How to Determine the Date for Easter Passover

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The dates for Passover are based on the Jewish calendar. What many people don't know is that the Jewish liturgical year was also originally the basis for the dates for Easter.

There are two dates each year for the Christian observance of Easter—one for the Western Christian sects and one for Orthodox. The Council of Nicaea in A.D. 325 determined how both dates are now calculated.

The dates of these religious holidays vary from year to year, depending on astronomical movements and/or the ecclesiastical calendar.

Passover, which celebrates the exodus of the Hebrew tribes from slavery in Egypt, took place just before the crucifixion and resurrection of Christ, and the two holidays have been linked by proximity and symbolism ever since. Pasch, a word that means Passover, is also used for Easter.

Determine the dates of Passover, referring to a Jewish Calendar.

Passover begins on the 15th day of Nissan, the seventh month in the Jewish calendar (late March to early April). Hebrew days begin and end at sundown, so the holiday would actually begin at sundown on the preceding day.

Passover extends seven days for Israelis and Reform Jews, eight days for others around the globe. It culminates on the 21st day of Nissan in Israel and for Reform Jews, and on the 22nd of Nissan elsewhere.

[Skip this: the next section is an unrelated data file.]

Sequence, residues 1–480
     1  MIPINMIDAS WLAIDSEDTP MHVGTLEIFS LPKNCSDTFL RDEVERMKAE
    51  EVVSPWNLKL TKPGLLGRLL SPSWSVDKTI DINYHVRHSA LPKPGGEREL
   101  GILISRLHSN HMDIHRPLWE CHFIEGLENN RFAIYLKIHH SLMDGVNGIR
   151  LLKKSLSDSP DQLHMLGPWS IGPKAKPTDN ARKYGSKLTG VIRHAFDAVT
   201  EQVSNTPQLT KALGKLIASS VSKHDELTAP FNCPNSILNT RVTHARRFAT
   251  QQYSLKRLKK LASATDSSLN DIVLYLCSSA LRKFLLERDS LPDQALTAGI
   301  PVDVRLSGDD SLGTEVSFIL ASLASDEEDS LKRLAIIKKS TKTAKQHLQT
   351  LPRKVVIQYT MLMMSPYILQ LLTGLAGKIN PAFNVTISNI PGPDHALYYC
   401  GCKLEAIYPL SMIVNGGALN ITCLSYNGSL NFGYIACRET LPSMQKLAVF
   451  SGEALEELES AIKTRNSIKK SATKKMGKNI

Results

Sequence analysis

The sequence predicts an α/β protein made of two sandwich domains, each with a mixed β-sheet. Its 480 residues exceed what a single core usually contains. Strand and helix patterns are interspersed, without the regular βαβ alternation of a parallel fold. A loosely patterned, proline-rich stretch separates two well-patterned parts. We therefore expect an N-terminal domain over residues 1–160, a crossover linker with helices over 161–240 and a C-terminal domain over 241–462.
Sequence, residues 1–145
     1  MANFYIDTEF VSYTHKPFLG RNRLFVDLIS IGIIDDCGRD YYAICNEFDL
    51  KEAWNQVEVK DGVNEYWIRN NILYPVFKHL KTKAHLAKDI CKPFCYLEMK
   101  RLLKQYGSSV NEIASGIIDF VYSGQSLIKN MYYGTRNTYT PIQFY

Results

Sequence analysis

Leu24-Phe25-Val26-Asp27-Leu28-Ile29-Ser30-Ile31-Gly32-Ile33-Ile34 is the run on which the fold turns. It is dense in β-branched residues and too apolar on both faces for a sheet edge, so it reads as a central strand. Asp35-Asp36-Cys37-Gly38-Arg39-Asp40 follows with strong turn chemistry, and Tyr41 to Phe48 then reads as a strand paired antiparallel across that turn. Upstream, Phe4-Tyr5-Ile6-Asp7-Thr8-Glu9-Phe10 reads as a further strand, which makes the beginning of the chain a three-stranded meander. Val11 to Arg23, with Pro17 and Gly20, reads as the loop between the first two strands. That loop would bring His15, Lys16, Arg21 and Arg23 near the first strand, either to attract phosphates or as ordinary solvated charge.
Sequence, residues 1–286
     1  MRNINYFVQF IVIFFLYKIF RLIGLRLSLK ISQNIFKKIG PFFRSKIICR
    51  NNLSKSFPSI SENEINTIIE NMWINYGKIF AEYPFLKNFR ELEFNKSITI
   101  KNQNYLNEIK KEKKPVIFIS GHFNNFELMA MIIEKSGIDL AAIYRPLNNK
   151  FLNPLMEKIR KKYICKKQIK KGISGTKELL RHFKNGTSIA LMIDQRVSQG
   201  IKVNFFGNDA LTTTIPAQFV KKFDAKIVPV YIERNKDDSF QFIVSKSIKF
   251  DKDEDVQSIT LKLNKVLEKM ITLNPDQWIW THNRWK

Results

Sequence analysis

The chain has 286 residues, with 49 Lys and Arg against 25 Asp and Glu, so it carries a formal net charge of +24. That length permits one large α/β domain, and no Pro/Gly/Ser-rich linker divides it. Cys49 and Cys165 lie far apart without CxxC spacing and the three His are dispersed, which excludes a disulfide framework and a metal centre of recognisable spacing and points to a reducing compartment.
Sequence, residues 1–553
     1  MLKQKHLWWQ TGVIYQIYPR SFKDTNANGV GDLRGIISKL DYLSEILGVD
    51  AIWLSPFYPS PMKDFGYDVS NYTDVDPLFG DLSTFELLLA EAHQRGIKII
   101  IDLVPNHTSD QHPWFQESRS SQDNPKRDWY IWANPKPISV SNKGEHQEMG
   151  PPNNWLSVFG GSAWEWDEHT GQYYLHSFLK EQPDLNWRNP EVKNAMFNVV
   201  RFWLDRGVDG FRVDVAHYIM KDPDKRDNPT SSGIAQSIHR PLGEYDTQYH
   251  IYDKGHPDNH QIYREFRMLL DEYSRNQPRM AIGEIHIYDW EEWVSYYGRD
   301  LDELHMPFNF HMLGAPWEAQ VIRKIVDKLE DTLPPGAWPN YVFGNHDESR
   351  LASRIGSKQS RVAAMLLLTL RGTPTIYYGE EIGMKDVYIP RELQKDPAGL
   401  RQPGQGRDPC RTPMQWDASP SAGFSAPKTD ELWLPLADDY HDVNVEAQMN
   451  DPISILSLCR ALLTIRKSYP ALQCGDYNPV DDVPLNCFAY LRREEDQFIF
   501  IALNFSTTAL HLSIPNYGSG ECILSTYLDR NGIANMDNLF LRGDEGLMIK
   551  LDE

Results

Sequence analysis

Determine the date of Easter for Western Christians, referring to the Gregorian calendar. Easter falls on the first Sunday that follows the full moon that occurs on or after the spring equinox. Western Christians calculate this using March 21st as a fixed date for the equinox. Instead of an astronomical full moon, they use the date of the ecclesiastical full moon, or the 14th day of a lunar month, determined by tables created by the church.

Determine the Easter date for Orthodox Christians, using the Julian calendar. Easter falls on the first Sunday that follows the full moon that occurs on or after the spring equinox. Orthodox Christians calculate this in accordance with the actual, astronomical full moon and the equinox as observed in Jerusalem.

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